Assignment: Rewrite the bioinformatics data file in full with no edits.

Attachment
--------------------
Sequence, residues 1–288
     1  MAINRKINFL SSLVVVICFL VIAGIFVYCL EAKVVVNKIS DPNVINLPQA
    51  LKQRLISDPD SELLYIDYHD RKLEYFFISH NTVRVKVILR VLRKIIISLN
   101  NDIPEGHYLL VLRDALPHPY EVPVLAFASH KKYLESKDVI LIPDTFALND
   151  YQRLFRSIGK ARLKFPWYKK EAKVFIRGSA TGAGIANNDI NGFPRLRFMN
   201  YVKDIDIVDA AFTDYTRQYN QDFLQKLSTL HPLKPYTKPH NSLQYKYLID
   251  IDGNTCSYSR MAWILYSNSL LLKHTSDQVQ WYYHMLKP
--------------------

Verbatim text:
Sequence, residues 1–288
     1  MAINRKINFL SSLVVVICFL VIAGIFVYCL EAKVVVNKIS DPNVINLPQA
    51  LKQRLISDPD SELLYIDYHD RKLEYFFISH NTVRVKVILR VLRKIIISLN
   101  NDIPEGHYLL VLRDALPHPY EVPVLAFASH KKYLESKDVI LIPDTFALND
   151  YQRLFRSIGK ARLKFPWYKK EAKVFIRGSA TGAGIANNDI NGFPRLRFMN
   201  YVKDIDIVDA AFTDYTRQYN QDFLQKLSTL HPLKPYTKPH NSLQYKYLID
   251  IDGNTCSYSR MAWILYSNSL LLKHTSDQVQ WYYHMLKP